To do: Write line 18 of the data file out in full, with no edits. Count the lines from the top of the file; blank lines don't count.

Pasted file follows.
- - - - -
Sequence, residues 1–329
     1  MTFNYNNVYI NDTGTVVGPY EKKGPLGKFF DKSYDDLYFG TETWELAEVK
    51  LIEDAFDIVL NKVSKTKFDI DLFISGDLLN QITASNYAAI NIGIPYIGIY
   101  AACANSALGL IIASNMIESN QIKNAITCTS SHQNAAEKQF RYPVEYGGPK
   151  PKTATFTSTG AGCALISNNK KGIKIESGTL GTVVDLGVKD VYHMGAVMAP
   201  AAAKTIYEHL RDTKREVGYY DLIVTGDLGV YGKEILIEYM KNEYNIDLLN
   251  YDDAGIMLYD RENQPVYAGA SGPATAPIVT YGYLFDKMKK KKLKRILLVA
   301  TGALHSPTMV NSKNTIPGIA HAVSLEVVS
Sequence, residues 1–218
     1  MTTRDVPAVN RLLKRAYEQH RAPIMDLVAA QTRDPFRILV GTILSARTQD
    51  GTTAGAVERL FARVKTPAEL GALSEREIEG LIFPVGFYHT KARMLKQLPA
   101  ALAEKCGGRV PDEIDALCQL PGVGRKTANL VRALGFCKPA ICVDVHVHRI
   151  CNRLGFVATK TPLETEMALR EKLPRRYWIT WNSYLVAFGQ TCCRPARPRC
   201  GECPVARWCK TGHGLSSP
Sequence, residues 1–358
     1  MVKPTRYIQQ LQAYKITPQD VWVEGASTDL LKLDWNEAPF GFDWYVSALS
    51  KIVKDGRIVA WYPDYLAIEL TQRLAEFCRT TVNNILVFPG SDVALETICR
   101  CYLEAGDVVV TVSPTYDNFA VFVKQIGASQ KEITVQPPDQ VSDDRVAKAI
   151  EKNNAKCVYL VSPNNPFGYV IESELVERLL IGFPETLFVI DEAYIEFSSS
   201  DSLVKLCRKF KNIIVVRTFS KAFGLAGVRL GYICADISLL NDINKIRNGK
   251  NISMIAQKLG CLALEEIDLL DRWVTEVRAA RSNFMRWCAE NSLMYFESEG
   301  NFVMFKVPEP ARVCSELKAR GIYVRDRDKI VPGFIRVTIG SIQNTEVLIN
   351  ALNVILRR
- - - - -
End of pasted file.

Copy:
   101  CYLEAGDVVV TVSPTYDNFA VFVKQIGASQ KEITVQPPDQ VSDDRVAKAI